Lessons in Chemistry features an orange cover and blue lettering with a graphic of a woman’s head. She’s sporting a blond bun with a No. 2 pencil sticking out of it and Her eyes are open and looking to the left, partially obscured by cat eye glasses that reflect beakers and test tubes, below that are very red lips. The book cover is displayed on a red iPhone mini, which sits next to a Braille display with my hands resting on it with red-lacquered nails. Behind is a black and white photo from 1950 by Bill Biggart, featuring women working in a lab.

Footnote on ‘Lessons in Chemistry: A Novel’ by Bonnie Garmus

Lessons in Chemistry (Doubleday, 2022) by Bonnie Garmus is funny and charming despite the brutal 1950’s sexism—a sexism which, even if less systematic and unapologetic, will still resonate with most women today. You can’t help but fall in love with Elizabeth Zott, who is hilarious in her seriousness about chemistry, love, family, cooking, and everything else. Ad to the formula a very clever dog name Six-Thirty, a precocious daughter named Mad, a helpful minister, an anxious daytime television producer, and a neighbor lady who will learn to be a modern woman, you have a delectable concoction of a novel.

Speaking of that neighbor, Mrs. Sloane, here she is visiting Elizabeth’s home lab where she’ll get the best cup of coffee she’s ever had…

“I’ll make it,” Elizabeth said. As Mrs. Sloane watched, Elizabeth drifted to the stainless-steel counter, where she picked up a jug of distilled water and poured it into a flask, plugging the flask with a stopper outfitted with a tube wriggling from its top. Next, she clipped the flask onto one of two metal stands that stood between two Bunsen burners and struck a strange metal gadget that sparked like flint striking steel. A flame appeared; the water began to heat. Reaching up to a shelf, she grabbed a sack labeled “C8H10N4O2[i],” dumped some into a mortar, ground it with a pestle, overturned the resulting dirtlike substance onto a strange little scale, then dumped the scale’s contents into a 6- x 6-inch piece of cheesecloth and tied the small bundle off. Stuffing the cheesecloth into a larger beaker, she attached it to the second metal stand, clamping the tube coming out of the first flask into the large beaker’s bottom. As the water in the flask started to bubble, Mrs. Sloane, her jaw practically on the floor, watched as the water forced its way up the tube and into the beaker. Soon the smaller flask was almost empty and Elizabeth shut off the Bunsen burner. She stirred the contents of the beaker with a glass rod. Then the brown liquid did the strangest thing: it rose up like a poltergeist and returned to the original flask.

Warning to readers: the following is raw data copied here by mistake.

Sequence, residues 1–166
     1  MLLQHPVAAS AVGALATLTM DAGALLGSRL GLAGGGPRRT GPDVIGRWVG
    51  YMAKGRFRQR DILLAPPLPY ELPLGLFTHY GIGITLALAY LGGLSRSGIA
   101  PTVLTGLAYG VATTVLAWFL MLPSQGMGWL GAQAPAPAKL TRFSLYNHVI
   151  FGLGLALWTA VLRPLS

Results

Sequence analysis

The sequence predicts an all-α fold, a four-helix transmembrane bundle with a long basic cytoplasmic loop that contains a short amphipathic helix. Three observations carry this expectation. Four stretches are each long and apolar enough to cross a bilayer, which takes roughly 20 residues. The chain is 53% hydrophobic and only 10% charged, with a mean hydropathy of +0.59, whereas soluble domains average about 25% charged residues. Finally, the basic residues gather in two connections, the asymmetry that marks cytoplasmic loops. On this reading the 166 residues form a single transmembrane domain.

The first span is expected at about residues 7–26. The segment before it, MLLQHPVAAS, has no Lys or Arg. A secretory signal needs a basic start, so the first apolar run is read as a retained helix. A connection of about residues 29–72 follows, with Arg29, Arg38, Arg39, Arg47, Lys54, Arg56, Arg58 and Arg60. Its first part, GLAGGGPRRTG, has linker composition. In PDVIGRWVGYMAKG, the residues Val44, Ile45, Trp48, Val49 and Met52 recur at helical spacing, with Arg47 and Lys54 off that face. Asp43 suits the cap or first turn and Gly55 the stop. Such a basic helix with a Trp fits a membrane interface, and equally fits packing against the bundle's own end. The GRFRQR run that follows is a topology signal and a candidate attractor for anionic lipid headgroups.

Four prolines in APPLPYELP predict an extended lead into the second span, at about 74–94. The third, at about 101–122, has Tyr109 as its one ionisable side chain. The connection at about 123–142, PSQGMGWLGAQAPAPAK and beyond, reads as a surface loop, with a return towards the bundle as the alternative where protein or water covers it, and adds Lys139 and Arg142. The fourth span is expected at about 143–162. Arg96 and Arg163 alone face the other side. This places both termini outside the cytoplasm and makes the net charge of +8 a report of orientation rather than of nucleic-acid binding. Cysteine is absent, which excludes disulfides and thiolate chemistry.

“Cream and sugar?” Elizabeth asked as she removed the stopper from the flask and started to pour.

“Mother of god,” Mrs. Sloane said as Elizabeth placed a cup of coffee in front of her. “Have you never heard of Folger’s?” But as soon as she took a sip she said no more. She’d never had coffee like this before. It was heaven. She could drink it all day.

[i] This is the chemical formula for caffeine. One may assume that Elizabeth means this as a cheeky synecdoche, as she would certainly know that caffeine by itself is a white crystalline substance, not a fragrant dirt-like one. She’d also likely know that a typical brewed cup of coffee contains only 40mg of caffeine for every 100g. According to Wikipedia, caffeine is the world’s most widely consumed psychoactive drug. Elizabeth probably would know that it’s a central nervous system stimulant of the methylxanthine class.

Caffeine on its own is bitter, but our flavor associations with it have everything to do with where it came from: a coffee bean, green tealeaf, or lab. In the case of the coffee bean, which is really a seed, much depends on the roasting which happens at temperatures from 430°F to 500°F (220°C to 260°C), according to Harold McGee in his super chemistry-geeky book, Nose Dive (Penguin Press, 2020). In conclusion, let’s hear a little of what he has to say about the chemical constituents that contribute to that oh-so-delicious coffee flavor:

Different “roasting profiles,” or temperature-time paths, produce different flavor balances in the finished beans. Light roasts are sweet and bready from the predominance of furan rings, while the darkest roasts have the singed flavor of guaiacol and phenol from breakdown of defensive phenolics. Medium roasts emphasize the landmark aroma of coffee proper, which is largely created by sulfur-decorated furan rings and related thiols. Furfurylthiol, the “coffee mercaptan,” smells like roasted coffee and lends the same note to meats and toasted sesame seeds. Methyl furanthiol is a defining volatile in cooked meats, and some other coffee thiols also have an animal sulfurousness. Lesser contributors to medium-roast coffee aroma are nutty pyrazines, an earthy methoxypyrazine from the raw bean, phenolic-ring vanillin, and a couple of guaiacols with clove-like, spicy smells. Light- and medium-roast coffees can also carry flowery and fruity notes from the terpenoid linalool, and occasionally the decorated phenolic ring aptly known as the raspberry ketone.

*Author’s note: This is part of my new series on books I love. If you’re familiar with Aromatica Poetica, my online magazine dedicated to smell and taste, you have some idea why I picked this one to begin. Please let me know what you think of this.

PS – Ebooks are accessible books!

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